I know that even now, touring schools in the era of COVID can be difficult. Visit where you can, and get active on social media as well. Connecting with other applicants and talking with current students can make a huge difference in your search.
I also wish I believed the people who told me, “Your stats may not matter as much as you think they will.” After comparing college results with friends and peers, I realized that sometimes admissions decisions don’t make any sense. And that can be super-frustrating.
There was one school I was rejected from, yet some of my friends were accepted – and we looked really similar on paper in terms of grades, ranks, and class rigor. So why was I rejected? Who knows. And then there were also schools that I was accepted to alongside friends who had drastically different academic profiles.
I tell you this for a few reasons:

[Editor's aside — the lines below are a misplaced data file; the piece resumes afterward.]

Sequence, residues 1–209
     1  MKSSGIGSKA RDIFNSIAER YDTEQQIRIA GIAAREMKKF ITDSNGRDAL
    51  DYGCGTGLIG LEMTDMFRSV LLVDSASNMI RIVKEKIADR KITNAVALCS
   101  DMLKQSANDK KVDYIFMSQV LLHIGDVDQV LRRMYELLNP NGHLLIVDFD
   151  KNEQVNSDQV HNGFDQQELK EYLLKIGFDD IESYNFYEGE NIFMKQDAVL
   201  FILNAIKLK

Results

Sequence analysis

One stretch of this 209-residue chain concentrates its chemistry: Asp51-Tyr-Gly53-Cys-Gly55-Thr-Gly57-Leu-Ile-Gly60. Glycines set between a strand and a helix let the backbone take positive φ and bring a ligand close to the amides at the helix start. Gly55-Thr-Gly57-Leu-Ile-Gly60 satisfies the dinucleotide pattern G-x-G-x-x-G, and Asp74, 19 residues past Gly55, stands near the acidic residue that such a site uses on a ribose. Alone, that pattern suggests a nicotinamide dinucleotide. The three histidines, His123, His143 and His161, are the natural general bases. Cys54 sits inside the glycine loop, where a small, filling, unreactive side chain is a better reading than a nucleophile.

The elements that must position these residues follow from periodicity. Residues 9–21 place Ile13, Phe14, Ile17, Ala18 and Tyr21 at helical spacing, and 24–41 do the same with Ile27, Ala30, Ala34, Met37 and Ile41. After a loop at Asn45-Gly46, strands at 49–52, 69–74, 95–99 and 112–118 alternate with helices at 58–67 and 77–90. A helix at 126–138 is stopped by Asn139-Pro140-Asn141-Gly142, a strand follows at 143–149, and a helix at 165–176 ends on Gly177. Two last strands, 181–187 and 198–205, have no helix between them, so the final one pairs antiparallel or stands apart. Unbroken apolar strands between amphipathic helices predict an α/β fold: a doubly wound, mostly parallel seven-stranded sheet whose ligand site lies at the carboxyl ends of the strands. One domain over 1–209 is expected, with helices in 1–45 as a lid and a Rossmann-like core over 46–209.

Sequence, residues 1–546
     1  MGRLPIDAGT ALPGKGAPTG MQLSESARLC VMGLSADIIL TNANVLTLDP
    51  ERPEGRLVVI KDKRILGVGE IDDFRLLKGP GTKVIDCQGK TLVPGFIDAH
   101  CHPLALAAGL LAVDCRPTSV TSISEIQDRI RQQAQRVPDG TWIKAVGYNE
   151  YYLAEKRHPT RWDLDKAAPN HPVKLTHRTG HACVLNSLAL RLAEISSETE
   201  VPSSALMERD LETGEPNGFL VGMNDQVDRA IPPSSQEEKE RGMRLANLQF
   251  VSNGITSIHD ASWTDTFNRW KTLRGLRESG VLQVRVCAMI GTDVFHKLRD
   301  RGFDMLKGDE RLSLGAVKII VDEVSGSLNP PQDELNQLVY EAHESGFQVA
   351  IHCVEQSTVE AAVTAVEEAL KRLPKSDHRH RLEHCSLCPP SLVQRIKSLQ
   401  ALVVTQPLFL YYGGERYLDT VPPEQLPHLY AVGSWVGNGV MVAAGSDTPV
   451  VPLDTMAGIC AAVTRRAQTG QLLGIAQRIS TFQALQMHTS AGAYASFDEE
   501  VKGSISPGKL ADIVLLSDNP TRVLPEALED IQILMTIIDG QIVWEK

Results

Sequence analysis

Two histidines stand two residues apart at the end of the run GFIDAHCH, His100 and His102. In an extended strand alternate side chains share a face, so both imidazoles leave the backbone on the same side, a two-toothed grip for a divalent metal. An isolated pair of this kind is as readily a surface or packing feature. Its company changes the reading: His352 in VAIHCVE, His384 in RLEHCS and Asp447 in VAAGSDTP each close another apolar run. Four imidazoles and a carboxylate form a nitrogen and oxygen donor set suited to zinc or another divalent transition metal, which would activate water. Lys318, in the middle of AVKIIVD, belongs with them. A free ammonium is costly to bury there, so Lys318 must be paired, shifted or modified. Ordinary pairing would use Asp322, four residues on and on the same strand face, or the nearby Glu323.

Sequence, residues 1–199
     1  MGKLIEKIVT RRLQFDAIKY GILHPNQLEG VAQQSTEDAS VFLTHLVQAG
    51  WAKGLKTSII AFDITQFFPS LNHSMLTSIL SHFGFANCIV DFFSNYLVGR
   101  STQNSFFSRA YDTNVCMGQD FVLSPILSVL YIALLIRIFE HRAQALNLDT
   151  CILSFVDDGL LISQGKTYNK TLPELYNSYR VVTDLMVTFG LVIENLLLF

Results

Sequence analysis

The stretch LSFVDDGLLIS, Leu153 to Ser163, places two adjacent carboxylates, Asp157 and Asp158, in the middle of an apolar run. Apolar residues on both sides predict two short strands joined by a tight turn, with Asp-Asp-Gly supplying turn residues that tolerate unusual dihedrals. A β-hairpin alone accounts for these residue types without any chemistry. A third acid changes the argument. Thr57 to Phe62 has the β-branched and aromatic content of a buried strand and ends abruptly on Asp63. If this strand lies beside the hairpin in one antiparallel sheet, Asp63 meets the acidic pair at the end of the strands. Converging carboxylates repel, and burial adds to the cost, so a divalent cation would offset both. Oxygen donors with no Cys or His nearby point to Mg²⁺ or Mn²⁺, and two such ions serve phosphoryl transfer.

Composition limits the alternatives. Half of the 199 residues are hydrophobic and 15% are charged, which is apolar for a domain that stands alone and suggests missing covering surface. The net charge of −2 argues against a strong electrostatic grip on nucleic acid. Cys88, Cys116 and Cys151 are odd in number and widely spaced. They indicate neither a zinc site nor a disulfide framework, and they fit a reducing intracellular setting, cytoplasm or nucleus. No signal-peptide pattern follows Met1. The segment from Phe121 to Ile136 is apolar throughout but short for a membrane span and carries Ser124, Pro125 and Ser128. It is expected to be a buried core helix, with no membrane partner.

The last thing you might want to do after filling out all your applications is apply for scholarships, but it can really pay off (literally). I repurposed my personal statement into three different lengths and used it to apply for scholarships. Minimal effort, but great reward!
Also, there were some scholarships that very few people were applying to. My NHS chapter had so few people apply to their scholarship that they ended up awarding a scholarship to each applicant!
Lastly, don’t stress yourself out completely over this process. I remember being so anxious about testing to the point of getting sick the night before taking the ACT. And then I didn’t even end up submitting my scores to UMiami because of the test-optional policies!
You are where you are in the process. And by the summer before your senior year, there’s not much in your control anymore (besides a few parts of your application), and you can find some peace and joy in that.
College is going to be one of the best times in your life. So try to approach the application process in the same way — because it’s going to get you just where you’re meant to be.